I ran and swam all through the winter. I joined NEWT (Newport and East Wales Triathlon), my local triathlon club. My swimming was coming along okay, and I was putting the miles in on the bike. Long, cold, lonely, wet miles, through one of the worst winters in recent memory.
Sometimes, I caught my wife looking at me strangely.
In January of 2013 I started my dedicated 30 week training plan for Ironman. I trained hard, fell off my bike, almost fell off a mountain, fell off my bike again, struggled with my swimming, developed a knee injury that halted my training… but I kept positive and pushed forward towards the day. I discovered my new favourite saying: “Whether you think you can do something, or you think you can’t, you’re right.”
I thought I could. I dreamed about Ironman. And on August 4th, I did it. I can safely say that the whole Ironman experience changed my life.
Since then my love of triathlon has only grown. In 2014 I did several more races, including a half-ironman. Last year I raced two half-ironmans, and then another full distance, a fantastic race called the Outlaw, which I finished in a little over twelve hours. My training happens around my work … and, I’ll admit, sometimes the other way around. I usually train six days per week, with evening swims and bikes rides, morning runs, and sometimes when the weather’s nice a lunchtime jaunt on two wheels or two feet, as well. And weekends often begin with a seventy mile ride.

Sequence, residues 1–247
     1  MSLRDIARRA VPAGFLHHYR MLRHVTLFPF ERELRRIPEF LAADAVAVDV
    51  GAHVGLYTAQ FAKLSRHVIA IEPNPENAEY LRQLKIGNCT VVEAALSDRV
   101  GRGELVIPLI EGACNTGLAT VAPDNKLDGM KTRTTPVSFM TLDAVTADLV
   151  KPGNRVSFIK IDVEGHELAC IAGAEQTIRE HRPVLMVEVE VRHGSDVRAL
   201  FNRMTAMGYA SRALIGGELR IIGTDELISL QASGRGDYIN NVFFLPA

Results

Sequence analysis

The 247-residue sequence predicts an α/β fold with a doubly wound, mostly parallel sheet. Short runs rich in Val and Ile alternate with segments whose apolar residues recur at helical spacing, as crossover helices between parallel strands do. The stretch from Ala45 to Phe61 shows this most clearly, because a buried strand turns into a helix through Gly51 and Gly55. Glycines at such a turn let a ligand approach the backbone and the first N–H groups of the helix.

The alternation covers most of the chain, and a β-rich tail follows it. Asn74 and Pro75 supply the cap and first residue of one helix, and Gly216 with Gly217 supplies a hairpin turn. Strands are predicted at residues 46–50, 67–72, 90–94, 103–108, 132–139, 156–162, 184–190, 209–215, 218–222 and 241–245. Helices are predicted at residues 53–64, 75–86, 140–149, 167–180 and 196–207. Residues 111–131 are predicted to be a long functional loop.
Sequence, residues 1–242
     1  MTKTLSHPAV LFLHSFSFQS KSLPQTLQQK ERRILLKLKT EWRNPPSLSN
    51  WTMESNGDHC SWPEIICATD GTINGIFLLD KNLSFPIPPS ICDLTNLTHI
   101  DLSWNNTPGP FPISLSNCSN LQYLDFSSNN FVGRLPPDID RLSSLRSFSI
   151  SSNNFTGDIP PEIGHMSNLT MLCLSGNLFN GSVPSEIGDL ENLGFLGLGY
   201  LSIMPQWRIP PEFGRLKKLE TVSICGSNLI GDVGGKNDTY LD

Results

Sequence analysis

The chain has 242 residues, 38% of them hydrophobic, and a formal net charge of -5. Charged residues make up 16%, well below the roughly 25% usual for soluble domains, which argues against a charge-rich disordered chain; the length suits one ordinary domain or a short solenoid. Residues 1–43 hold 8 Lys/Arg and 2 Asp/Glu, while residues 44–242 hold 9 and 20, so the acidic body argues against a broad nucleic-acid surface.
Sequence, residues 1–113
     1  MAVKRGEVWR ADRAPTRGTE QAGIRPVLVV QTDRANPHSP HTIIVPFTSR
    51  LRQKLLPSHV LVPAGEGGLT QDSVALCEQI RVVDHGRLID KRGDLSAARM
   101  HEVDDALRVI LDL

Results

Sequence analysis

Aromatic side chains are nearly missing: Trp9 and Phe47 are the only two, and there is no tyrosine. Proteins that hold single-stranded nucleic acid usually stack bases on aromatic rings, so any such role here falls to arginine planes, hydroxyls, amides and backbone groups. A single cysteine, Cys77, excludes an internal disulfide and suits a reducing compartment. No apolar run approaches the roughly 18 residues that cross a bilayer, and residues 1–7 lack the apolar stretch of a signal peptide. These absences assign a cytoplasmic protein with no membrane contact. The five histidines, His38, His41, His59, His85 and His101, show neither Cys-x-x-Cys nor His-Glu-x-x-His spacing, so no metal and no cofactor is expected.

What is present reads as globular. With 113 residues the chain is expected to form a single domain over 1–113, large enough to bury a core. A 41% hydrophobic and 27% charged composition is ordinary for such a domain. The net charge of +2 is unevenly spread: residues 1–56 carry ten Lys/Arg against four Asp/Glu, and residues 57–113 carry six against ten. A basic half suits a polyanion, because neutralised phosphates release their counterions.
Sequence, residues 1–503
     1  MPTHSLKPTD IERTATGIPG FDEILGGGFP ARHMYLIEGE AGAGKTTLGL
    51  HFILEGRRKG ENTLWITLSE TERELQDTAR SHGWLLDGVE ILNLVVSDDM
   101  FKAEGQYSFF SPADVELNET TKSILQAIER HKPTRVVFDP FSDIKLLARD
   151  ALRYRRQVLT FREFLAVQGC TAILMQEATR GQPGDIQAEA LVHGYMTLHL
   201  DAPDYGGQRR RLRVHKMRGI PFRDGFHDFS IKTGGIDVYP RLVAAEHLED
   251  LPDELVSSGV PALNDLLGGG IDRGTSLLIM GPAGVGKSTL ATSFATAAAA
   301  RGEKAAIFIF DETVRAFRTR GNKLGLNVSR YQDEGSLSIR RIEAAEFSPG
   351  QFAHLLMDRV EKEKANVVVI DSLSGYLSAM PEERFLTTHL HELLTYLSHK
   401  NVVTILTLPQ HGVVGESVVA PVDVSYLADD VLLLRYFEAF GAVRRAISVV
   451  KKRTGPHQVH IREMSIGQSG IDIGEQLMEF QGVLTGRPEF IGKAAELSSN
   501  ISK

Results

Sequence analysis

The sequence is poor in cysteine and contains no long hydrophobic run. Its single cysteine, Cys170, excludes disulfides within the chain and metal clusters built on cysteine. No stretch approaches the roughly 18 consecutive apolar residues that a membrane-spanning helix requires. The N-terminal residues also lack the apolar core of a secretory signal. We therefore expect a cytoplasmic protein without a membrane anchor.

Obsessed? Maybe just a little. But compared to, say, eating only McDonald’s, or stalking someone, or collecting ashtrays from pubs, it’s a good obsession. And it helps massively with my other obsession—writing.
So far, my two obsessions sit pretty well together.
Tim Lebbon is the New York Times bestselling author of the movie novelizations of 30 Days of Night and The Cabin in the Woods. He has also written many critically acclaimed dark fantasy and crime novels. Tim has won three British Fantasy Awards, a Bram Stoker Award, a Shocker, a Tombstone and been a finalist for the International Horror Guild and World Fantasy Awards. Pieces of Hate, the first novella in the Assassins series, is available from Tor.com Publishing.